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Thread: Pre-Beaker R1b in the Isles - can we rule it out?

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    Pre-Beaker R1b in the Isles - can we rule it out?

    On the "R1b and its sibling R1a possible route(s) into Europe" thread I mentioned some still outstanding "post Haak 2015" issues.

    I would like to elaborate on three of them in this new thread: 1 cremation; 2 later Neolithic Megalithic monuments; and 3 Neolithic meso/brachycephal remains.

    1. a cremation trail?
    Background -
    When I look at L21, U152 and, to a lesser extent, DF27 in the Bronze Age I see people who are steeped in a cremation tradition. This seems odd because our P312 Beakers were steeped in the single grave tradition - very closely related to Corded traditions.

    The Neolithic Cremation 'trail'
    For example, we can find cremation documented in the Tisza-Polgar culture and Baden culture. Kosco and Videiko (1995 - Origin of Neolithic and Eneolithic Cremation Rites in Europe) talk of the Northern Model of cremation and movement of cremation south into the Danube and into the Balkans.

    Childe (1950 Prehistoric Migrations in Europe) links the origins of cremation back to eastern Turkey. he also makes links to copper prospectors. On page 114/5 he states about Baden settlements "On the other hand several cases of cremation have been reported. ....Accordingly, Baden societies may have contained Anatolian prospectors attracted by the ores of central Europe They may even be constituted by a northward extension of that early macedonian migration across the Balkans that we envisaged in chapter V."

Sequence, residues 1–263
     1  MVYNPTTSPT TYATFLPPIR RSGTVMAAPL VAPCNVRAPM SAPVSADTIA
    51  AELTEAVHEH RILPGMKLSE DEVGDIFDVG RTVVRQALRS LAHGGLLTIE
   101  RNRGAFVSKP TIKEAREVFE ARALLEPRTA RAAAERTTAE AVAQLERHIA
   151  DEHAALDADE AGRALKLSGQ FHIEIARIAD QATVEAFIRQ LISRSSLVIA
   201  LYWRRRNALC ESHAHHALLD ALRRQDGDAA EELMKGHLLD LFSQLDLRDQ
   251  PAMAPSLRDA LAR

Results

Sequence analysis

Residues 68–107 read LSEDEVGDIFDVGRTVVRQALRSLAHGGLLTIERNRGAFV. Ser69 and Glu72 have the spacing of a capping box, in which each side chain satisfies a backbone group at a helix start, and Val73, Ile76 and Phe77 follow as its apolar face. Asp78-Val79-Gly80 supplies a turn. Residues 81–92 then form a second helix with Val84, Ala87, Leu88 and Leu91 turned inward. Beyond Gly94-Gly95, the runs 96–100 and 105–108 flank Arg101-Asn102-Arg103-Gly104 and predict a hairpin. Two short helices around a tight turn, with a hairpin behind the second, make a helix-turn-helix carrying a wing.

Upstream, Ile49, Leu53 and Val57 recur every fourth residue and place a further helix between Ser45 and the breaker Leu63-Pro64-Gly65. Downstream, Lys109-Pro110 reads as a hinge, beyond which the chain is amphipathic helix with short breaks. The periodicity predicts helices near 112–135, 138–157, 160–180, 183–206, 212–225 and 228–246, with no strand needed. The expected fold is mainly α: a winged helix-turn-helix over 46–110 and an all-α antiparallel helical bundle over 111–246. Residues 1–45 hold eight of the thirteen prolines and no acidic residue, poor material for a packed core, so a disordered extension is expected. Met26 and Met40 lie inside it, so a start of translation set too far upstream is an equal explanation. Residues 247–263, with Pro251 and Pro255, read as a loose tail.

So who were the people spreading cremation rituals in central/western Europe during the Neolithic / chalcolithic? Did they come from the North, or the Steppe or from Anatolia? Can we rule out R1b?

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    [QUOTE=Net Down G5L;74674]On the "I would like to elaborate on three of them in this new thread: 1 cremation; 2 later Neolithic Megalithic monuments; and 3 Neolithic meso/brachycephal remains.

    2. Megalithic - 're-arrangement 3000BCE'
    I find it very difficult to pin down an accurately dated sequence for Megalithic monuments. The literature is just too contradictory - menhirs, passage graves, gallery graves, dolmens etc.
    I will start with just one sub-issue. Who "re-arranged the monuments" at about 3000BCE?
    I attended the Prehistoric Society conference in London earlier this month. Alison Sheridon, Colin Richards and Josh Pollard made interesting comments about re-arranged monuments. Alison talked briefly about the Orkney elite introducing solar aligned monuments in Orkney c 3200-2900. Colin referred to La Hougue Bie on jersey as a composite monument made up of dismantled earlier monuments brought together to make a new monument about 3000BCE. He also described the Ring of brodgar, Stenness circle and Maeshowe as amalgams of earlier monuments on Orkney. Josh Pollard talked of 'renewed monument building' at Stonehenge c. 3000BCE and also cremation burials at the same time.